X13 decompositions. We will examine X-13 SEATS decomposition in section 6.5 below.

The X11 method is available as an option using the seas() function from the seasonal package for R. You will
need to install the seasonal package in R-Studio and then load it.

We will demonstrate the use of the X11 method with the two time series we worked with in examples 6.1 and
6.2 above.

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Example 6.1 - Electrical Equipment Manufacturing Index (cont’d)
require(seasonal)

## Loading required package: seasonal

ee.x11 = seas(elecequip,transform.function="none",x11="")
summary(ee.x11)

##
## Call:
## seas(x = elecequip, transform.function = "none", x11 = "")
##
## Coefficients:
## Estimate Std. Error z value Pr(>|z|)
## Easter[8] -2.08863 0.83316 -2.507 0.0122 *
## AR-Nonseasonal-01 -0.11742 0.17175 -0.684 0.4942
## AR-Nonseasonal-02 0.04078 0.08525 0.478 0.6324
## AR-Nonseasonal-03 0.38949 0.06731 5.787 7.17e-09 ***
## MA-Nonseasonal-01 0.22396 0.18661 1.200 0.2301
## MA-Seasonal-12 0.82220 0.04863 16.907 < 2e-16 ***
## ---
## Signif. codes: 0 '***' 0.001 '**' 0.01 '*' 0.05 '.' 0.1 ' ' 1
##
## X11 adj. ARIMA: (3 1 1)(0 1 1) Obs.: 195 Transform: none
## AICc: 976, BIC: 997.8 QS (no seasonality in final): 0
## Box-Ljung (no autocorr.): 22.67 Shapiro (normality): 0.9893

autoplot(ee.x11,facet=T) + xlab("Year") + ggtitle("X11 Decomposition of the Electrical Manufac


turing Index")

The results look similar to what we have seen previously in terms of the decomposition of this time series
into the three components 𝑇𝑡 , 𝑆𝑡 , and 𝑅𝑡 . Notice that when calling the function seas above we specified two
optional arguments. The first, transform.function="none" means we do NOT want a transformation to be
applied to the time series. The default setting is transform.function="auto" which means the algorithm will
automatically decide whether or not a transformation should be applied to the time series (e.g. 𝑙𝑜𝑔(𝑦𝑡 )). The

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second optional argument is x11="" which means we want to use X11-decomposition vs. X13-decomposition
which is the default.

In code below we again use X11-decomposition, but allow the algorithm to decide whether or not a
transformation should be applied to the time series.
ee.x11.auto = seas(elecequip,x11="")
summary(ee.x11.auto)

##
## Call:
## seas(x = elecequip, x11 = "")
##
## Coefficients:
## Estimate Std. Error z value Pr(>|z|)
## LS2009.Jan -0.13348 0.02638 -5.059 4.22e-07 ***
## AO2009.Dec 0.10497 0.02463 4.262 2.03e-05 ***
## AR-Nonseasonal-01 0.79731 0.09064 8.796 < 2e-16 ***
## MA-Nonseasonal-01 1.23304 0.09573 12.881 < 2e-16 ***
## MA-Nonseasonal-02 -0.48547 0.06420 -7.561 3.99e-14 ***
## MA-Seasonal-12 0.82471 0.05042 16.355 < 2e-16 ***
## ---
## Signif. codes: 0 '***' 0.001 '**' 0.01 '*' 0.05 '.' 0.1 ' ' 1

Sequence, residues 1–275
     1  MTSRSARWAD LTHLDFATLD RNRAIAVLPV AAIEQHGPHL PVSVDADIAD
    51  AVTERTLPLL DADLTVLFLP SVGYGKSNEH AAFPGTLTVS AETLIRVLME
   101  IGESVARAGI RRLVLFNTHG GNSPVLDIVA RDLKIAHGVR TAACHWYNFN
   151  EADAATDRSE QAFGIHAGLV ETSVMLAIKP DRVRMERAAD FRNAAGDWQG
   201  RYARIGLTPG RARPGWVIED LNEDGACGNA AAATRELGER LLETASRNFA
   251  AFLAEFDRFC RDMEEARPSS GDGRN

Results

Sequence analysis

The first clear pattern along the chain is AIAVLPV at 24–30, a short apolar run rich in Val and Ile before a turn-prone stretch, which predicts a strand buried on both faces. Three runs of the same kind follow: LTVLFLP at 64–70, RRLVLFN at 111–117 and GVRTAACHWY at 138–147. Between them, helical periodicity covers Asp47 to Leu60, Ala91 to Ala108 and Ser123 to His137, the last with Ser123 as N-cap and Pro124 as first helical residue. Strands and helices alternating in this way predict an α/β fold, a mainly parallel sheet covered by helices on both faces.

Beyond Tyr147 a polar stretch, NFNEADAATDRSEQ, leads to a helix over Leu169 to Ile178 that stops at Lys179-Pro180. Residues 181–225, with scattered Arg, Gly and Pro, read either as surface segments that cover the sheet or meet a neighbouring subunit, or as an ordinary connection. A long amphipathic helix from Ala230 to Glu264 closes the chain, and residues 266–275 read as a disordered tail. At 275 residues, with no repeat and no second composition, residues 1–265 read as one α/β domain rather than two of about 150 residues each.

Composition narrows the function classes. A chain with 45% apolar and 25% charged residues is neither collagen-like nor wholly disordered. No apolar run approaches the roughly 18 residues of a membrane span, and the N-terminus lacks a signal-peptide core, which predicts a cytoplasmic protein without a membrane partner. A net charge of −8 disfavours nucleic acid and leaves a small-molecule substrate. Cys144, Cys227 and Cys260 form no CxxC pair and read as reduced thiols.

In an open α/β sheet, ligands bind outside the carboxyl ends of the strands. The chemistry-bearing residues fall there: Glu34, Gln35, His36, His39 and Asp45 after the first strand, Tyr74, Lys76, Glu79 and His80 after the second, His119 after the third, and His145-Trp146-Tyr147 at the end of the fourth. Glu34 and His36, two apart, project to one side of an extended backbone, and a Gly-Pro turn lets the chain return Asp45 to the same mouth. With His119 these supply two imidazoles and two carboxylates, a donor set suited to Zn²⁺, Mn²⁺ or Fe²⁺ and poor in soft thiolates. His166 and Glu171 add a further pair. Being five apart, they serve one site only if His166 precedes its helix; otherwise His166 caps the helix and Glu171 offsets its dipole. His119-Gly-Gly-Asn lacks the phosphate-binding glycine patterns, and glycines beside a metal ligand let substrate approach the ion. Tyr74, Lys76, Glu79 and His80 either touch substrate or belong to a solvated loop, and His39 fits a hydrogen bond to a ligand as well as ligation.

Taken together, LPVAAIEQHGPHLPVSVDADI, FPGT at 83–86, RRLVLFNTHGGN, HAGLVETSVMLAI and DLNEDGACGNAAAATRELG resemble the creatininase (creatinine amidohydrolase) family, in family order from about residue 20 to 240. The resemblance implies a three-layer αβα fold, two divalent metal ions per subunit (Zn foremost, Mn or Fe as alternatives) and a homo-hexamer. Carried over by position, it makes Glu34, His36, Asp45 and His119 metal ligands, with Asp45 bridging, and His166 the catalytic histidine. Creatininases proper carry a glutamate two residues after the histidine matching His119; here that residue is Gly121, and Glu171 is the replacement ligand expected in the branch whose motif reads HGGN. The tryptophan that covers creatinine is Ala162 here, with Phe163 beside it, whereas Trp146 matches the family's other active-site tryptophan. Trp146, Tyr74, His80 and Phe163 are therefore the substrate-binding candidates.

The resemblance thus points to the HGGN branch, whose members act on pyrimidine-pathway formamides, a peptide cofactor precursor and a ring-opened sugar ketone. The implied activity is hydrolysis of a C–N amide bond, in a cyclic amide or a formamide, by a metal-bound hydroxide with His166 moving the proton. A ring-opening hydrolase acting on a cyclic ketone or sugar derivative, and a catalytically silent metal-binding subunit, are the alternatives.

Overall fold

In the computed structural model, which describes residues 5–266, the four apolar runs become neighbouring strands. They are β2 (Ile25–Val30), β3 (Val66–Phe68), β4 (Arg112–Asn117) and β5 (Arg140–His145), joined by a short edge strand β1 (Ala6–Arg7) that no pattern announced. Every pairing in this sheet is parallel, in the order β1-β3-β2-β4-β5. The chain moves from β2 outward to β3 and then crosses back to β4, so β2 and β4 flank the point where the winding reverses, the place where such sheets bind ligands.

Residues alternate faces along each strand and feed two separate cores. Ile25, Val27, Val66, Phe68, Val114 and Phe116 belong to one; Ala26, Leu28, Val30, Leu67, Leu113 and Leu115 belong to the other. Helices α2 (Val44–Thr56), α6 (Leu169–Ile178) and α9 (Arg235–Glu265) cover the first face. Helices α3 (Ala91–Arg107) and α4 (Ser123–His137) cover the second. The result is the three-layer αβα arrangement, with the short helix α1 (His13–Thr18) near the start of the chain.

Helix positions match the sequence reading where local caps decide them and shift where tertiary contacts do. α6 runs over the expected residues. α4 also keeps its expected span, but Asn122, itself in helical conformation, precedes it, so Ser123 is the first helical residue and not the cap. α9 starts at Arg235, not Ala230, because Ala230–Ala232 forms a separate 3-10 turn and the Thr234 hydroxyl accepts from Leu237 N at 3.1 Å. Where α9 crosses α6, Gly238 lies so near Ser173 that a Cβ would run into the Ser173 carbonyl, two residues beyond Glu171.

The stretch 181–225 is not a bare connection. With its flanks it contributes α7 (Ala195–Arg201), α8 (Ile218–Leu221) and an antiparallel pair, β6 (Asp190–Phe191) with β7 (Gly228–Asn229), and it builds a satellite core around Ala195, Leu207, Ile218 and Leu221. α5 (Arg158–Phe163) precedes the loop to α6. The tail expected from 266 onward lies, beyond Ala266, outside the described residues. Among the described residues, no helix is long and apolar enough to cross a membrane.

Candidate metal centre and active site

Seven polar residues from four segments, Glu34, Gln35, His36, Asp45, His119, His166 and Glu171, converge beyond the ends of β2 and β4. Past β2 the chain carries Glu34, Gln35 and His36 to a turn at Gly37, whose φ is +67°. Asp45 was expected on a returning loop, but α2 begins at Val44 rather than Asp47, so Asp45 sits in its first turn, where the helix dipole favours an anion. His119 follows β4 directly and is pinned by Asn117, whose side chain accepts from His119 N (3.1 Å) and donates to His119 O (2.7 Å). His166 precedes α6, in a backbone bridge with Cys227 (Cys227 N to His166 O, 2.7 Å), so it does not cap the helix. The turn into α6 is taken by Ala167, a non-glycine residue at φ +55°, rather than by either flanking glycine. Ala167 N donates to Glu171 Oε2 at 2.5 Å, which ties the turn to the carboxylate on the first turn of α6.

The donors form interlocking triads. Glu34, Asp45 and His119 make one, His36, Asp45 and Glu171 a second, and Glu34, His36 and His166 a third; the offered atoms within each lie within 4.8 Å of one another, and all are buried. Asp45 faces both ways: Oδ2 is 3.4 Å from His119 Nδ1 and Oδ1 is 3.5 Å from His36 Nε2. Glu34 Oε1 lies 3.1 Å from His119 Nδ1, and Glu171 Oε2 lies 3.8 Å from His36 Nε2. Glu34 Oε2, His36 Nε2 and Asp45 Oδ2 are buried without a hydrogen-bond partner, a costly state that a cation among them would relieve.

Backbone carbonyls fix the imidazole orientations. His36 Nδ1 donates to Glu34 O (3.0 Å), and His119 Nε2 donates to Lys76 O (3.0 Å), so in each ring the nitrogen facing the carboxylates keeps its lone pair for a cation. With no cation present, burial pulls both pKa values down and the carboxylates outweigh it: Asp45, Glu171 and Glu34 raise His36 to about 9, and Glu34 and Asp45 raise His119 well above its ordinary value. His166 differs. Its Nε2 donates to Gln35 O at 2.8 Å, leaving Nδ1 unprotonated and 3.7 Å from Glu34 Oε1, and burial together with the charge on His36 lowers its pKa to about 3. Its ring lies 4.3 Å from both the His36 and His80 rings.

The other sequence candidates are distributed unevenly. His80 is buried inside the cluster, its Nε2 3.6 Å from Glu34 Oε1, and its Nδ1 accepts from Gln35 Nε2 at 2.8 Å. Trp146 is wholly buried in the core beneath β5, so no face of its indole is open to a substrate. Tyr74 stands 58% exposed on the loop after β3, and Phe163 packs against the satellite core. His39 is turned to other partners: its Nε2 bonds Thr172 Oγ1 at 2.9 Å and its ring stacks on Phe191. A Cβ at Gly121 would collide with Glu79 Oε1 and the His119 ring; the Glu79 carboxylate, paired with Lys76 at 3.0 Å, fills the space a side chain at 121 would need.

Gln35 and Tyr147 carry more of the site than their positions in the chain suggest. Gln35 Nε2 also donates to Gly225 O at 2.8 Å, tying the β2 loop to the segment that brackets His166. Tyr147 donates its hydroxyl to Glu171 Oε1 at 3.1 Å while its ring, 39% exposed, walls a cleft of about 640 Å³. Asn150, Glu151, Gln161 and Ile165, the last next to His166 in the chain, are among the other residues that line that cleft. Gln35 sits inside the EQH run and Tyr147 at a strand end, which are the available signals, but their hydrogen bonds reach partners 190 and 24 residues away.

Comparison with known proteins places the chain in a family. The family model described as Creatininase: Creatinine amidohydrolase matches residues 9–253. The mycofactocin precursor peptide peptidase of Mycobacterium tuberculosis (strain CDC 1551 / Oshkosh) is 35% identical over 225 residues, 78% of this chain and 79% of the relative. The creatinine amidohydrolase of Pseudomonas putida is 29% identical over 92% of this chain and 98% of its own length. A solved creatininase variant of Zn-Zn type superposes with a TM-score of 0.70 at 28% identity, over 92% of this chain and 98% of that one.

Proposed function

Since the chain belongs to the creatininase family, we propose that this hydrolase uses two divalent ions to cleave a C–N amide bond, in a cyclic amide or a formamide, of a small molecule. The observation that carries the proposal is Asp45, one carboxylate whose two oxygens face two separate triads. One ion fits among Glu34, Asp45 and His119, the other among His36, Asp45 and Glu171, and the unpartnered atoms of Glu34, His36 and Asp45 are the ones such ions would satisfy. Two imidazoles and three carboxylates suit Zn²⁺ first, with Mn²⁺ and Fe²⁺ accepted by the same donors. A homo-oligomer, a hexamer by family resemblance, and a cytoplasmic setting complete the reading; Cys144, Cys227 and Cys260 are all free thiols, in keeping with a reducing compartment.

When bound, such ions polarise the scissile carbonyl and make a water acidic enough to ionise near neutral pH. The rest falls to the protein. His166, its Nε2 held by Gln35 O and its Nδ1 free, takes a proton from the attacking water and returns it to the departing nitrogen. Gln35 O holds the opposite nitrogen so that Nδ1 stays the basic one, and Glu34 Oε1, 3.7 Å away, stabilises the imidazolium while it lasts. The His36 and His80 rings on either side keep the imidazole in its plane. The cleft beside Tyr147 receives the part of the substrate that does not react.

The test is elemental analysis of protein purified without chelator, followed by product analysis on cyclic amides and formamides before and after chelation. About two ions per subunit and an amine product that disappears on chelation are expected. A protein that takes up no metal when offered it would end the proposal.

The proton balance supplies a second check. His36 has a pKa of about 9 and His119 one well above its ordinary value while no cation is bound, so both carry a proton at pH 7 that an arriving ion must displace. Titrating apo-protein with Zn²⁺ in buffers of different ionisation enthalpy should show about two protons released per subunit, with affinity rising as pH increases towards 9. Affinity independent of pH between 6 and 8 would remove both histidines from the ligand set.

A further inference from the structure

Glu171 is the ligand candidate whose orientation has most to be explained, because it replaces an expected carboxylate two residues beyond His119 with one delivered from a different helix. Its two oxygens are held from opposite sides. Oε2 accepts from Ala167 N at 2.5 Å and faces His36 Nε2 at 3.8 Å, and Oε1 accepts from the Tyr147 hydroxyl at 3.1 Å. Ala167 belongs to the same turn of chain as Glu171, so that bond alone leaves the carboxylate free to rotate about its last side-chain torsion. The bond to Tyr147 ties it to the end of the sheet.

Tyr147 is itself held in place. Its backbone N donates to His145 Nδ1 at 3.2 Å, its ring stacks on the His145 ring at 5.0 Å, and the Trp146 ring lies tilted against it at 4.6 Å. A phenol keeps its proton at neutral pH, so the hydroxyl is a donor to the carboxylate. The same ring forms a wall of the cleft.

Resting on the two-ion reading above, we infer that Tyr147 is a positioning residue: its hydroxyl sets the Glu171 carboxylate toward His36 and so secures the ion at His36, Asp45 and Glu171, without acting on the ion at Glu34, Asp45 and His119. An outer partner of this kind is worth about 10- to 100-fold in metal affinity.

##
## X11 adj. ARIMA: (1 1 2)(0 1 1) Obs.: 195 Transform: log
## AICc: 942.4, BIC: 964.2 QS (no seasonality in final): 0
## Box-Ljung (no autocorr.): 34.97 . Shapiro (normality): 0.9922

autoplot(ee.x11.auto,facet=T)

Notice in the summary of X11-decomposition is says that Transform: log was used, i.e. a multiplicative
approach to the decomposition was employed.

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We can extract the various components of our time series from the results of running seas() command. Given
the output of the seas() function, e.g. ee.x11 above, we can use seasonal(ee.x11) to extract the seasonal
component ^ 𝑆𝑡 , trendcycle(ee.x11) to extract the long-term/cyclic trend component 𝑇^ , and
𝑡
remainder(ee.x11) to extract the remainder component 𝑅 ^ . The command seasadj(ee.x11) will extract the
𝑡
seasonally adjusted time series.
Tt = trendcycle(ee.x11)
St= seasonal(ee.x11)
Rt = remainder(ee.x11)
ee.seasadj = seasadj(ee.x11)
x11results = cbind(Tt,St,Rt,ee.seasadj)

autoplot(x11results,facet=T) + xlab("Year") + ggtitle("X11 Decomposition Components and


Seasonally Adjusted Time Series")

We can compare these to our earlier estimates obtained in our very first example of decomposing this time
series.
low3 = lowess(elecequip,f=.075)
Tt.orig = low3$y
EE.minusTt = elecequip - Tt
seasonfit = tslm(EE.minusTt~season)
St.orig = fitted(seasonfit)
Rt.orig = EE.minusTt - St.orig
plot(Tt.orig,Tt,xlab="Lowess Smooth Trend (Tt)",ylab="X11 Trend (Tt)")
abline(0,1)

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trends = cbind(Tt.orig,Tt)
autoplot(trends,facet=T)

plot(St.orig,St,xlab="Seasonal Original (St)",ylab="X11 Seasonal Trend (St)")


abline(0,1)

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seasons = cbind(St.orig,St)
autoplot(seasons,facet=T)

plot(Rt.orig,Rt,xlab="Remainder Original (Rt)",ylab="X11 Remainder (Rt)")


abline(0,1)

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remainders = cbind(Rt.orig,Rt)
autoplot(remainders,facet=T)

There are definitely differences in the estimated components with the most notable being in the long-
term/cyclic trend estimate 𝑇^ . As a result of these differences, the other components though not obviously
𝑡
^ ) is removed
differing visually, must necessarily differ as well due to the fact the long-term/cyclic trend (𝑇 𝑡
from the time series in order to estimate the other two components.

The X11 method allows for the seasonal patterns to change over time. This can be seen by using the
ggsubseriesplot command to examine them.

ggsubseriesplot(St.orig) + ylab("Seasonal Component (St)") + ggtitle("Seasonal Trend - Origina


l Decomposition")

22
ggsubseriesplot(St) + ylab("Seasonal Component (St)") + ggtitle("Seasonal Trend - X11 Decompos
ition")